Cheesy Beefy Melt and Simple Harvest Hot Cereal

Cheesy Beefy Melt

By: Taco Bell

Suggested Retail Price: $1.99

Taste: 3stars

Marketing: 3stars

If I want fried chicken or a hamburger, I’m more likely to get the real thing rather than resort to chains like KFC and McDonald’s. But somewhat to my chagrin, I actually enjoy the food at Taco Bell. The menu doesn’t closely resemble any real food south of the border … or north of the border for that matter. The fast-food chain has created its own distinct style of cooking—bland, often baby-food soft, and sinisterly homogeneous—that can only be described as tasting like Taco Bell. Even the packets of hot sauce lack anything but a unidimensional, generic sense of heat. Yet sometimes you just want bland, warm, and mushy, like a bowl of Cream of Wheat first thing in the morning.

If you appreciate the chain’s approach, get ready to love the new Cheesy Beefy Melt. Though not immediately clear from the name, it’s a burrito. It’s stuffed (or maybe “stuft,” as Taco Bell copywriters have described past items) with allegedly seasoned rice, ground beef, off-white/off-yellow taffylike cheese, and a touch of sour cream. Unlike the chain’s grilled quesadillas, which are wrapped in tortillas that boast a more robust texture and actual browning, the Melt’s steamed “tortilla” wrapper is white, velvety, and easily masticated. It’s a lot like a Kleenex.

The Cheesy Beefy Melt offers even less challenge and textural dimension than the chain’s other burritos. There are no cold or crunchy bits of lettuce, no morsels of chewy chicken chunks. If normal Taco Bell food is good for when you’ve got a garden-variety hangover, the Cheesy Beefy Melt is the Extra Strength Excedrin, to be consumed on days when you just can’t handle … anything.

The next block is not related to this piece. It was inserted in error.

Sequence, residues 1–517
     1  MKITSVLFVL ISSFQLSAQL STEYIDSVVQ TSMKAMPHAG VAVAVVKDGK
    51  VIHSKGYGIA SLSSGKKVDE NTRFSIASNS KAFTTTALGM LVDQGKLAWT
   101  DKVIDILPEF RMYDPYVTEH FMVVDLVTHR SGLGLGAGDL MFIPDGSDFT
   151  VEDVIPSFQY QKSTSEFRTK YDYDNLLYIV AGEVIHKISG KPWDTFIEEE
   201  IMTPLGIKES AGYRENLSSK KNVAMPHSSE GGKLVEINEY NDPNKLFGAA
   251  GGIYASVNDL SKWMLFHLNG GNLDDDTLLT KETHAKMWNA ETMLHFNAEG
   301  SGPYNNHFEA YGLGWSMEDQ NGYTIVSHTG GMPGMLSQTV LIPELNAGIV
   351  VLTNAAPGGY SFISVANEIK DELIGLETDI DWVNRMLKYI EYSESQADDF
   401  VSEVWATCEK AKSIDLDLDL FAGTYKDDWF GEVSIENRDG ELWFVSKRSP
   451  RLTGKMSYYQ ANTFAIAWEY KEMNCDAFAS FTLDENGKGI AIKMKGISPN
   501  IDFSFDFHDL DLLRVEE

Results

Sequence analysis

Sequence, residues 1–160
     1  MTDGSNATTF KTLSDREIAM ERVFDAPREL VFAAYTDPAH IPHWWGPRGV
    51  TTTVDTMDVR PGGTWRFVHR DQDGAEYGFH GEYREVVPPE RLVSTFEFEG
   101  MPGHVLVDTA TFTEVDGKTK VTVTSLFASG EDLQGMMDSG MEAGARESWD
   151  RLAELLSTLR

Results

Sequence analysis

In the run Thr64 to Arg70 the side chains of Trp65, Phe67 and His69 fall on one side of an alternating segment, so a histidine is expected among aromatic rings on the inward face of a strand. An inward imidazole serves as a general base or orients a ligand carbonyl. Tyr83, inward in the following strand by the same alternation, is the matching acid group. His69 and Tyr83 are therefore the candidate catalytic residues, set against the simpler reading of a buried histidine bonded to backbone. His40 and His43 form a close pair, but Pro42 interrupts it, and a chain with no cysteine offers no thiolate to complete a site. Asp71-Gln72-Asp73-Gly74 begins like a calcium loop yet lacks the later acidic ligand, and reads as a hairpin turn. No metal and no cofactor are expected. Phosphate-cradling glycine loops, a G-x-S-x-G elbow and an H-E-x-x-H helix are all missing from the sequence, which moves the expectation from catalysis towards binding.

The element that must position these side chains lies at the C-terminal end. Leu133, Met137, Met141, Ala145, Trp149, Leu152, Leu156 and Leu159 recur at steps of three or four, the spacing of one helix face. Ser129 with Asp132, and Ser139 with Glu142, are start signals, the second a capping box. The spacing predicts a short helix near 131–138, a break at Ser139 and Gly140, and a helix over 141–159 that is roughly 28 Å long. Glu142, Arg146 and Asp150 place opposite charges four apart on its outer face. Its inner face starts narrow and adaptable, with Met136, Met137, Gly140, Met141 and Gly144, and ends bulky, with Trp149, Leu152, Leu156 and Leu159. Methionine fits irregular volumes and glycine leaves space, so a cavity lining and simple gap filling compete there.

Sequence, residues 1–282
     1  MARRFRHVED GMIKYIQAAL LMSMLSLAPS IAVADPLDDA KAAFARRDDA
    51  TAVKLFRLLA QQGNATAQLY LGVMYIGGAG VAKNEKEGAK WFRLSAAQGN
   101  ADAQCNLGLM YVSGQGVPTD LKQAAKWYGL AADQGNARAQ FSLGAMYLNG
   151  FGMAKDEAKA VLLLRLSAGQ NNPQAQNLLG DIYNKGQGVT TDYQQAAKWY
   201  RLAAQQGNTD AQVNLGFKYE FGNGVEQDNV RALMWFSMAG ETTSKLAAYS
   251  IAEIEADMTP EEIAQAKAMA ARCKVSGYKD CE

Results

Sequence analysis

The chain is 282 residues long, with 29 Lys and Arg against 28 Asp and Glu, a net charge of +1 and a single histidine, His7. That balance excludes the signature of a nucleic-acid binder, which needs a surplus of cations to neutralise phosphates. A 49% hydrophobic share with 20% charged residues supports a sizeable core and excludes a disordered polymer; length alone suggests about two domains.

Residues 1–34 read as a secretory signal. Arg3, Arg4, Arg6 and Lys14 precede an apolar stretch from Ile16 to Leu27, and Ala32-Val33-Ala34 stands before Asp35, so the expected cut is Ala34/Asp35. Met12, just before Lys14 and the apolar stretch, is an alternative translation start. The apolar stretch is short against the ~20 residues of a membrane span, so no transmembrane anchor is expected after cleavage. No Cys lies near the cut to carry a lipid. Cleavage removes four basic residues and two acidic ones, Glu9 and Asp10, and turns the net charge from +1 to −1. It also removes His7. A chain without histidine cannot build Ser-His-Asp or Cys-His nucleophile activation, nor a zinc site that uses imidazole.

Moreover, Taco Bell’s Cheesy Beefy Melt marketing campaign co-opts the classic Modern English hit “I Melt With You.” Not since “Crumbelievable” was coined by EMF to shill for Kraft Crumbles has our youth been strip-mined with such mercenary enthusiasm. The anger that we feel reminds us that we are alive.

Simple Harvest

By: Quaker

Suggested Retail Price: $4.39 per box

Taste: 4stars

Marketing: 5stars

Oatmeal seems to be just about the last commercial food item that needs rehabilitation and whole-foods sexification. It’s already generally acknowledged as a healthy way to start one’s day: a wiser choice than toaster pastries, sweet cereals, or McGriddles. But that didn’t stop Quaker from rolling out a premium multigrain instant hot cereal called Simple Harvest.

Simply put, this is flavored instant oatmeal for adults. Instead of Apples & Cinnamon, you get Apples with Cinnamon. Instead of Maple & Brown Sugar, you get Maple Brown Sugar with Pecans. In order to play up the “wholesome” theme, the website has an entire section celebrating the product’s sustainability, as well as a very detailed farmers’ market locator (in case you are just getting into the farmers’ market thing).

Regardless of the skillfully orchestrated hype, the cereals are actually quite delicious. Both varieties I sampled (Vanilla, Almond and Honey; Maple Brown Sugar with Pecans) generated a distinct and delicate aroma the moment they came into contact with hot water; the flavors were mildly sweet, but mostly tasted of their promised components. As a fan of smooth, creamy hot cereals, I was mildly irked by the crunchiness of the pecans in particular (the almonds were more retiring), but neither nut was particularly large: The pecan bits were an eighth of an inch or so, and the almond slices were exceedingly thin.

Best of all, it was incredibly appealing to eat something described as vanilla-, almond-, and honey-flavored multigrain cereal, and have it contain the following ingredients: whole-grain rolled oats, whole-grain rolled wheat, rolled barley, whole-grain rolled rye, sugar, almonds, whole flax seed, oat flour, natural flavors, salt, molasses.

And that’s it.

James Norton edits the Upper Midwestern food journal Heavy Table. He's also the coauthor of a book on Wisconsin's master cheesemakers. Follow Chowhound on Twitter, and become a fan on Facebook.

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